NASA’s Hubble Space Telescope focuses on Jupiter’s Great Red Spot, a 10,000-kilometer hurricane that has been orbiting for at least 190 years and beyond. Recent data from the telescope shows that the outpouring winds of the area have risen in the last 10 years.
The wind turbine consists of an “outer path” and an “inner path” of wind, both of which rotate in a circular motion. As the outpatient route ran recently, winds approaching the center of the site wereaffiliated a slower pace in 2020 than it returned in 2009. A wind turbine study was published last month in Astrophysical Journal Letters.
“Since we do not have a hurricane at Jupiter, we cannot continue to measure winds in space,” said Amy Simon, a planetary scientist at NASA’s Goddard Space Flight Center, at NASA. Press release. “Hubble is the only celestial telescope that has been described for a short period of time as well as designing a space that could destroy Jupiter’s winds in detail.”
The wind speed box was sturdy: less than 2-mile-hour-change on Earth Earth from 2009 to 2020. It is because the team was 11 years old for Hubble, and because Hubble could see Jupiter accurately, so he could decide what was going on. The winds are blowing around 400 miles per hour, a little slower than the speed of a plane crash.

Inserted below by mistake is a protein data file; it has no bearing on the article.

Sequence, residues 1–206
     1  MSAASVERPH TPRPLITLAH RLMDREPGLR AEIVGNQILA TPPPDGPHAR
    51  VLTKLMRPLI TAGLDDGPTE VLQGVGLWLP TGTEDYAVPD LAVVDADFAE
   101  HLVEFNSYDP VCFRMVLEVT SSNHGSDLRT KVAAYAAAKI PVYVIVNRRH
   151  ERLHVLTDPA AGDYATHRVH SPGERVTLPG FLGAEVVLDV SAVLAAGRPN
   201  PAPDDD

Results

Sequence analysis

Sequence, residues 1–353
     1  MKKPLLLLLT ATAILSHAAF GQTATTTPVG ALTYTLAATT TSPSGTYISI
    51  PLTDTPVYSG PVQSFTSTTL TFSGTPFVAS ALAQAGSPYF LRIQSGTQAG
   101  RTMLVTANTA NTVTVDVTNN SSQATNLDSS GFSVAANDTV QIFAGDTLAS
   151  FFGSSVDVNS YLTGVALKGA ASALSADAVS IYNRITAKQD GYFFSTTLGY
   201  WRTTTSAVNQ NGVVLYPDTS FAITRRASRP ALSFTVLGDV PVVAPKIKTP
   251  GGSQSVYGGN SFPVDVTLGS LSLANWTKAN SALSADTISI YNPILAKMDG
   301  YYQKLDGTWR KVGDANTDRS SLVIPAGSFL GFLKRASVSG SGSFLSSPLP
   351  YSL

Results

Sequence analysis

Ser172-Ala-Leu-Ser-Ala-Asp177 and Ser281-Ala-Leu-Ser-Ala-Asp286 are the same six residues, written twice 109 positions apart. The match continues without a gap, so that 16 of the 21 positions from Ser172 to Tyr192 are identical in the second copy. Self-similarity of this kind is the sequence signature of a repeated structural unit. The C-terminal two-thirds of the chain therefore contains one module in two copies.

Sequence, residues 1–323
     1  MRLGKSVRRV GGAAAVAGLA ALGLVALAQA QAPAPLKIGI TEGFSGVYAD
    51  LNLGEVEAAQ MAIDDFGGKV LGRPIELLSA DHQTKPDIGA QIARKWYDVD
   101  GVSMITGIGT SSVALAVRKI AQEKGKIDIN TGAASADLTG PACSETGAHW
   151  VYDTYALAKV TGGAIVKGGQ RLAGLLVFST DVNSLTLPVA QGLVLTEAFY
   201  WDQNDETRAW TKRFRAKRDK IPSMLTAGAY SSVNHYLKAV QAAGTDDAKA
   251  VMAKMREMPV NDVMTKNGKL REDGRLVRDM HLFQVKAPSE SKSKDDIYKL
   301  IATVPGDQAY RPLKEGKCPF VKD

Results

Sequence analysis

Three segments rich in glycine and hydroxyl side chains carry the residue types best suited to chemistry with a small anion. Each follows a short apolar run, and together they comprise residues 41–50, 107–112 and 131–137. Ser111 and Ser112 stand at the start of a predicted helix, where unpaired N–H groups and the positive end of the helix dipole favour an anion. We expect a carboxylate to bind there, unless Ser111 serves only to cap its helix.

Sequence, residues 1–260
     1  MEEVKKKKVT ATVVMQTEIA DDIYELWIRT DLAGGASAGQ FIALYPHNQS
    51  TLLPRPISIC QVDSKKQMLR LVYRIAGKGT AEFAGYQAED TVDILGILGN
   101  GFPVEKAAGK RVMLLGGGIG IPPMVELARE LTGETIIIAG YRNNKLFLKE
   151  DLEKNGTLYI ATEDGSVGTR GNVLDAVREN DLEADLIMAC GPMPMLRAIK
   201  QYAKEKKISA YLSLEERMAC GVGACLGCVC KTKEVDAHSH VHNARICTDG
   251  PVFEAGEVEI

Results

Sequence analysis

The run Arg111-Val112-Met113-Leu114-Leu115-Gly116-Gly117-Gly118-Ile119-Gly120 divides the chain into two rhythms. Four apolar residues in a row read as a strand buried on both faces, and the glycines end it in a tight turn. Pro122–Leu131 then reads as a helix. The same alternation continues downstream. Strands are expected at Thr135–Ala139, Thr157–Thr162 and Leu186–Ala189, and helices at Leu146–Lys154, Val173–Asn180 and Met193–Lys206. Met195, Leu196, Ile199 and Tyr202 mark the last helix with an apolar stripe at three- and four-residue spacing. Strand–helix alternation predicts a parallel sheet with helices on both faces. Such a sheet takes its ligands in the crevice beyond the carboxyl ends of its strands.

Though Jupiter appears serene in images—a big marble in space—the planet is a turbid ball of gas that is constantly moving. Just last year, an new location appeared on earth. And all its popularity, even the Great Red Spot is something difficult to know; our modern weapons will not test a hurricane except what happens on at the top.
“Hubble can’t see very well under the storm. Everything in the cloud is no longer visible, “said Michael Wong, a well-known astronomer at the University of California at Berkeley, as well as the paper’s author, on the same release. is causing the Great Red Spot and how it conserves energy. “
Planetary scientists know more about space. It has a strong section on which storm clouds are heading in the middle, with the outer parts of the storm sinking deeper and deeper into the earth. The storm is moving around more slowly than ever before.
Storm he hass seen about 200 years – perhaps 350 years, because it is difficult to say whether the spots of previous astronomers were the same and similar to the Great Red Spot – but it would take more time and better equipment to explore the mystery of Jupiter’s heart.